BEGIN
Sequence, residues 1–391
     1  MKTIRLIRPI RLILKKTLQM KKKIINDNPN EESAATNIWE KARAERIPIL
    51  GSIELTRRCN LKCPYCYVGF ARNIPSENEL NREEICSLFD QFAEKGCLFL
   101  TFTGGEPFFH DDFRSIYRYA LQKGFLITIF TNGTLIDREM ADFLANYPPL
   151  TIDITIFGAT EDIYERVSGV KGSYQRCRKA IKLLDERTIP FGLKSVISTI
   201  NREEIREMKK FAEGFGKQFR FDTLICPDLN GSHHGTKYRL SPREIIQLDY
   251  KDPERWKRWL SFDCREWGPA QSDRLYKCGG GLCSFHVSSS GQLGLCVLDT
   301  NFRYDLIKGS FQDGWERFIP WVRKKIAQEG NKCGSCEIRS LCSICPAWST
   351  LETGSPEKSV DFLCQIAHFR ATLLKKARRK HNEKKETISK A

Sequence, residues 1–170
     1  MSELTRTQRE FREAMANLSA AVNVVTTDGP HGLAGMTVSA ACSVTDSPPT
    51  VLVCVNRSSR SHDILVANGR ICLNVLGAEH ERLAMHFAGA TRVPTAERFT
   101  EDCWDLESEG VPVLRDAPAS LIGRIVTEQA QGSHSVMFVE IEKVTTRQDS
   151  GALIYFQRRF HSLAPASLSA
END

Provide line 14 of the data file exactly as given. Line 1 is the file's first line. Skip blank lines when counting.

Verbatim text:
   151  GALIYFQRRF HSLAPASLSA